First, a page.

Question #4

DISCUSSION GROUP #4

What are some promising ways to help teachers learn mathematics that also help them develop mathematically? What are the key features of what makes an approach promising?

Leader: Dwayne Channell; Members: Hy Bass, Michaele F. Chappell, Ed Esty, Don Gilmore, Margaret Jensen, Lena Khisty, Marie Sheckels

ASSUMPTIONS MADE IN FRAMING THE DISCUSSION

The group focused discussion on ways that tasks in mathematics content courses could be designed to improve the mathematical understandings of preservice teachers. While admitting that many suggestions could be implemented in either a methods or a content course, the group believes that all suggestions are appropriate for inclusion in content courses. It is also recognized that successful implementation of some suggestions will necessitate cooperative efforts among the faculty who teach mathematics content and those who teach mathematics methods.

SUMMARY OF THE MAIN POINTS OF DISCUSSION

Current shortcomings in the teaching of mathematics content. The discussion group identified two overriding problems that need to be addressed:

  • Preservice teachers (PSTs) typically possess a superficial understanding rather than deep understanding of elementary mathematics.

  • PSTs typically have not experienced making sense of mathematics and do not believe that sense making is a necessary component of understanding mathematics.

Participants suggested that fault for these shortcomings might be attributed to instruction that values speed and efficiency in arriving at “the” answer without regard for the need to reason and develop understanding.

Discussion focused on methods of situating mathematics instruction to require PSTs to examine their mathematical beliefs and understandings and encourage them to shed their reliance upon procedures without meaning.

The group believes that an important goal in the mathematics education of PSTs is to help them develop as teachers who value sense making and reasoning as necessary components of mathematical understanding and who instill those values in their own students. Consequently, instructional and assessment experiences need to be designed to permit PSTs to identify their own “concep-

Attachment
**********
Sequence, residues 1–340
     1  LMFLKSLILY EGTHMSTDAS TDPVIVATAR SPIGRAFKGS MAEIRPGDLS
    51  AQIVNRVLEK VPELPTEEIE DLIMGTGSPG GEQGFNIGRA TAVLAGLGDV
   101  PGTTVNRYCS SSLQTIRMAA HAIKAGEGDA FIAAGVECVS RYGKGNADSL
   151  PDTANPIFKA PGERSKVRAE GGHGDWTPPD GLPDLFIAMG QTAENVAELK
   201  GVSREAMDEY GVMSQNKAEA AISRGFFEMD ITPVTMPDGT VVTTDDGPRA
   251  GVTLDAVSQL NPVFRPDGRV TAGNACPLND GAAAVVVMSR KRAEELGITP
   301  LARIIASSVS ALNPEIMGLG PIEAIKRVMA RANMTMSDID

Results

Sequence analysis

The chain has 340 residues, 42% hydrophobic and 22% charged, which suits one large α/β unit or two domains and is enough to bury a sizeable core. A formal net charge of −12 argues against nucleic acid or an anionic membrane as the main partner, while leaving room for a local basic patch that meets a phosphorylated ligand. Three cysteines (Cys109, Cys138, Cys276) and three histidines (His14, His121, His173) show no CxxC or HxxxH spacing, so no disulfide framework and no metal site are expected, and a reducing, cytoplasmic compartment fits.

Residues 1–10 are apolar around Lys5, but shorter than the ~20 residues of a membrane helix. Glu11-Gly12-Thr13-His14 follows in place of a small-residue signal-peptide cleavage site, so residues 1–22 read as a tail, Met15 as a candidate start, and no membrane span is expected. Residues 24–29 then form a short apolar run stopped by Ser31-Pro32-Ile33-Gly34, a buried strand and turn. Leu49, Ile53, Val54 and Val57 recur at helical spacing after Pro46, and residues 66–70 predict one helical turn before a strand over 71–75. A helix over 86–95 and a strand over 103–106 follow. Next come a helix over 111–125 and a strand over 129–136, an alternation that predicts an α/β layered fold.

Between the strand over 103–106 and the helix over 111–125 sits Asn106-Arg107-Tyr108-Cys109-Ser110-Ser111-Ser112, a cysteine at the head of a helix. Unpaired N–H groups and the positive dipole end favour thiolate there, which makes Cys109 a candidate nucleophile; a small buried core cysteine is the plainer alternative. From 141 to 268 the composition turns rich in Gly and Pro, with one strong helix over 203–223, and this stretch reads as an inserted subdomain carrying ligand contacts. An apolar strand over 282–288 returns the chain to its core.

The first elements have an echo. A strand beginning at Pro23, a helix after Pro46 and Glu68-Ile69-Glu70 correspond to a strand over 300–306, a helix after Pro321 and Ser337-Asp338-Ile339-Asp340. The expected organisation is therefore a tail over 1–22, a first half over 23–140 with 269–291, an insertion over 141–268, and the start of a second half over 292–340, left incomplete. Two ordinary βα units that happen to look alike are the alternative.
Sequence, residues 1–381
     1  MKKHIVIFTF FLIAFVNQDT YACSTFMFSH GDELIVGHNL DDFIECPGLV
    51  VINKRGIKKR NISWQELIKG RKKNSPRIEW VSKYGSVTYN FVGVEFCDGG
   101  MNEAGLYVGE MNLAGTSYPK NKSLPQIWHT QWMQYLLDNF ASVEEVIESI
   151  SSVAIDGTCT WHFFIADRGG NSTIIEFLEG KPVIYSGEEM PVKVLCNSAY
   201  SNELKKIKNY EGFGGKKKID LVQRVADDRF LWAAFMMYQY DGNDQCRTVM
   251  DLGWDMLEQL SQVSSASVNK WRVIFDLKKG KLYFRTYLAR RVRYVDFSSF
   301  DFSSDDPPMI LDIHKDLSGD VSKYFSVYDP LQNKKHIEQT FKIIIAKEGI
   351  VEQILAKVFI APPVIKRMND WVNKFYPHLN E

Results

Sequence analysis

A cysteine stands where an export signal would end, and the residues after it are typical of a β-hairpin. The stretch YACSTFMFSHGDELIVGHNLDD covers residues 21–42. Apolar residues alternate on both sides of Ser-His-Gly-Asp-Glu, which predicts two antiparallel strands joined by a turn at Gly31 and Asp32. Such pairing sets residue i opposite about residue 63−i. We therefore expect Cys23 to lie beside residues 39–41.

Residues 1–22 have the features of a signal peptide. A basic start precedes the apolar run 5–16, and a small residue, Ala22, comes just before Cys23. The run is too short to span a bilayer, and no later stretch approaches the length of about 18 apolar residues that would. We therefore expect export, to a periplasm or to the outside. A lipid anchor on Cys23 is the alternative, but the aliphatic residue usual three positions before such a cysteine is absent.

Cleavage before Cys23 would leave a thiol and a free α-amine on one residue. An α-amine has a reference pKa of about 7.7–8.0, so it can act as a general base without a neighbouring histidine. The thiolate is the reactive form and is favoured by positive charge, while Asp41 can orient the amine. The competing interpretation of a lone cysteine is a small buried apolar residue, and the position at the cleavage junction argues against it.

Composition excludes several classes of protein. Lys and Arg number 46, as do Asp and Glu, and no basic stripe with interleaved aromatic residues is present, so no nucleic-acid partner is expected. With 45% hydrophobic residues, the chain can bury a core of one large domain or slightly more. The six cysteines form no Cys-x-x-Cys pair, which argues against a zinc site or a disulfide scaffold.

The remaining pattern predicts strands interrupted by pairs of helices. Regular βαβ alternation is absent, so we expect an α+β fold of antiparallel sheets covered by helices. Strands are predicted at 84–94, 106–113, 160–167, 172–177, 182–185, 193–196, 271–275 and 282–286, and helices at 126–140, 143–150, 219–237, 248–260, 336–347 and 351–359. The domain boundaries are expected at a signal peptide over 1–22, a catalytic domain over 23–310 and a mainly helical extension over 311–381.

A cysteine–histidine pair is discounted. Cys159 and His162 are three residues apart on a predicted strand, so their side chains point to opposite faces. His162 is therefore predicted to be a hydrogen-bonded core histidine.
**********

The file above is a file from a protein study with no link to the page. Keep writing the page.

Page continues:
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Knowing and Learning Mathematics for Teaching Question #4 DISCUSSION GROUP #4 What are some promising ways to help teachers learn mathematics that also help them develop mathematically? What are the key features of what makes an approach promising? Leader: Dwayne Channell; Members: Hy Bass, Michaele F. Chappell, Ed Esty, Don Gilmore, Margaret Jensen, Lena Khisty, Marie Sheckels ASSUMPTIONS MADE IN FRAMING THE DISCUSSION The group focused discussion on ways that tasks in mathematics content courses could be designed to improve the mathematical understandings of preservice teachers. While admitting that many suggestions could be implemented in either a methods or a content course, the group believes that all suggestions are appropriate for inclusion in content courses. It is also recognized that successful implementation of some suggestions will necessitate cooperative efforts among the faculty who teach mathematics content and those who teach mathematics methods. SUMMARY OF THE MAIN POINTS OF DISCUSSION Current shortcomings in the teaching of mathematics content. The discussion group identified two overriding problems that need to be addressed: Preservice teachers (PSTs) typically possess a superficial understanding rather than deep understanding of elementary mathematics. PSTs typically have not experienced making sense of mathematics and do not believe that sense making is a necessary component of understanding mathematics. Participants suggested that fault for these shortcomings might be attributed to instruction that values speed and efficiency in arriving at “the” answer without regard for the need to reason and develop understanding. Discussion focused on methods of situating mathematics instruction to require PSTs to examine their mathematical beliefs and understandings and encourage them to shed their reliance upon procedures without meaning. The group believes that an important goal in the mathematics education of PSTs is to help them develop as teachers who value sense making and reasoning as necessary components of mathematical understanding and who instill those values in their own students. Consequently, instructional and assessment experiences need to be designed to permit PSTs to identify their own “concep-